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IUCN Congress 2016

Marine Species Expert Panel Reviews Conservation Successes and Challenges

Ocean News

Honolulu, Hawai’i. September 5 2016: A panel of leading experts in fishes has gathered in the IUCN World Conservation Congress Species Pavilion to discuss the surge of interest in ocean health, and the effect of this surge on conservation successes and challenges. Organized by the IUCN Species Survival Commission Shark Specialist Group, panelists discussed the growing number of marine species assessed under the IUCN Red List of Threatened Species, and how to ensure that threatened species assessments prompt effective conservation action.
“The IUCN Global Marine Species Assessment is tasked with assessing the extinction risk of 20,000 marine species under the Red List,” Dr. Kent Carpenter, Manager of the IUCN Global Marine Species Assessment, commented. “While fishes have historically lagged behind terrestrial animals when it comes to conservation attention, we’re now making great progress in assessing marine species status, developing additional specialist groups, and embarking on new challenges, like using our Red List assessments to support international arbitration under the United Nations Convention on the Law of the Sea.”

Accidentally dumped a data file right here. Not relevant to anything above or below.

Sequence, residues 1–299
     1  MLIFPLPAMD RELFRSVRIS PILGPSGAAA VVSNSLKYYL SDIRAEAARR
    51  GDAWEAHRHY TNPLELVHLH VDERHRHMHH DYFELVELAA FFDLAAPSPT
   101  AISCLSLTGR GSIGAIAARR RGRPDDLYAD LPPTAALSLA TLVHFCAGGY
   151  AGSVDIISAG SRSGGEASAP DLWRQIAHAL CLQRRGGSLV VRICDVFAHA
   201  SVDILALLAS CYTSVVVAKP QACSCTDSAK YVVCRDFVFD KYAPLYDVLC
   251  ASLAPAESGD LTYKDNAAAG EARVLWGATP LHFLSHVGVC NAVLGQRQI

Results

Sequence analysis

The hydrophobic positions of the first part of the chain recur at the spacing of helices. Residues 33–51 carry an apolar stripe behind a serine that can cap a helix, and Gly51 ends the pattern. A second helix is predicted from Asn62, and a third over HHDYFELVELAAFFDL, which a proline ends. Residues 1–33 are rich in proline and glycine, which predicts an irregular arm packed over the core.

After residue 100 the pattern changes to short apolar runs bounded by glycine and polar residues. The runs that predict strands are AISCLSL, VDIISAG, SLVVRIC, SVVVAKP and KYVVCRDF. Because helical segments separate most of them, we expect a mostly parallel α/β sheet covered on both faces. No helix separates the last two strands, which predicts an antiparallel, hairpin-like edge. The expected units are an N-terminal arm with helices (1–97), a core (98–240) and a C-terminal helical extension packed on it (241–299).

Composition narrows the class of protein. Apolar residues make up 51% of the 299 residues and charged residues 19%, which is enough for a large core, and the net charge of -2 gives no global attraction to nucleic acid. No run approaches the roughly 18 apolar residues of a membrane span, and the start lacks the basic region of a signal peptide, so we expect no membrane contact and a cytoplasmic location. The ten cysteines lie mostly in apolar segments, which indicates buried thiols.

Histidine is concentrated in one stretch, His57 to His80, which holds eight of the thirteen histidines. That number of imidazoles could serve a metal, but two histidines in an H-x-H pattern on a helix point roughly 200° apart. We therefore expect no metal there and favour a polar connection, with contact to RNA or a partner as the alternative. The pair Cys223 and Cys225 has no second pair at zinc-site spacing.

Dr. Giuseppe Notarbartolo di Sciara, a member of IUCN Specialist Groups for both cetaceans and sharks, spoke about a key tool for conserving marine species threatened by trade, the Convention on International Trade in Endangered Species (CITES). “For species with global markets, CITES listings can help hold exports and ideally mortality to sustainable levels,” he said. Dr. Notarbartolo di Sciara focused on mobulid rays (manta and devil rays); mantas were listed under CITES Appendix II in 2013 while a proposal to add closely related devil rays will be considered later this month. “The gill plates of mantas and devil rays are sought for the same Chinese market. CITES listing for devil rays could help prevent added pressure on these species, and may also improve implementation of trade controls for mantas,” he noted.
Dr. Mark Stanley Price of the IUCN SSC Sub-Committee for Species Conservation Planning spoke about the planning process for saving species. “Based on the seminal work done around the world to identify threatened species, the IUCN is now leading the way in establishing philosophy, methodologies, and processes for effective, species-specific conservation planning,” he explained. “There is diversity of challenges the species that need conservation planning face, and following standardized best practices – from elephants to sawfishes – is key to our success.”
The IUCN Red List provides a globally-accepted standard that acts as an important tool to prioritize threatened species in need of conservation action. While there has been significant progress in marine species conservation over the past few decades, the panel noted that there are still challenges unique to the marine realm that urgently need solutions. For more information, visit
Media contact: Julia Lawson

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